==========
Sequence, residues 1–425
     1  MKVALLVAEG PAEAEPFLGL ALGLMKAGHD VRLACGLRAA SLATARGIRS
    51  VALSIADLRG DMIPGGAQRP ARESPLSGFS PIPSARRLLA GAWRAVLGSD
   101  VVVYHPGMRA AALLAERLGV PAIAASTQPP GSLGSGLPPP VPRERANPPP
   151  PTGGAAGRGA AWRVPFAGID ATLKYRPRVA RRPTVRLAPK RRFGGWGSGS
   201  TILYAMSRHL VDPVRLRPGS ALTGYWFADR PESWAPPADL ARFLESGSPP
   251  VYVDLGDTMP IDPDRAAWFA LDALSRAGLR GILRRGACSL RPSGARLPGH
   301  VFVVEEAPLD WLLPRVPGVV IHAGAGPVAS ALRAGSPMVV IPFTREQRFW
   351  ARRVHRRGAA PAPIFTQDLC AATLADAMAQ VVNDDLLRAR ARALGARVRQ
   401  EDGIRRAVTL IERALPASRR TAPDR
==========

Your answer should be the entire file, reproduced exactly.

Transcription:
Sequence, residues 1–425
     1  MKVALLVAEG PAEAEPFLGL ALGLMKAGHD VRLACGLRAA SLATARGIRS
    51  VALSIADLRG DMIPGGAQRP ARESPLSGFS PIPSARRLLA GAWRAVLGSD
   101  VVVYHPGMRA AALLAERLGV PAIAASTQPP GSLGSGLPPP VPRERANPPP
   151  PTGGAAGRGA AWRVPFAGID ATLKYRPRVA RRPTVRLAPK RRFGGWGSGS
   201  TILYAMSRHL VDPVRLRPGS ALTGYWFADR PESWAPPADL ARFLESGSPP
   251  VYVDLGDTMP IDPDRAAWFA LDALSRAGLR GILRRGACSL RPSGARLPGH
   301  VFVVEEAPLD WLLPRVPGVV IHAGAGPVAS ALRAGSPMVV IPFTREQRFW
   351  ARRVHRRGAA PAPIFTQDLC AATLADAMAQ VVNDDLLRAR ARALGARVRQ
   401  EDGIRRAVTL IERALPASRR TAPDR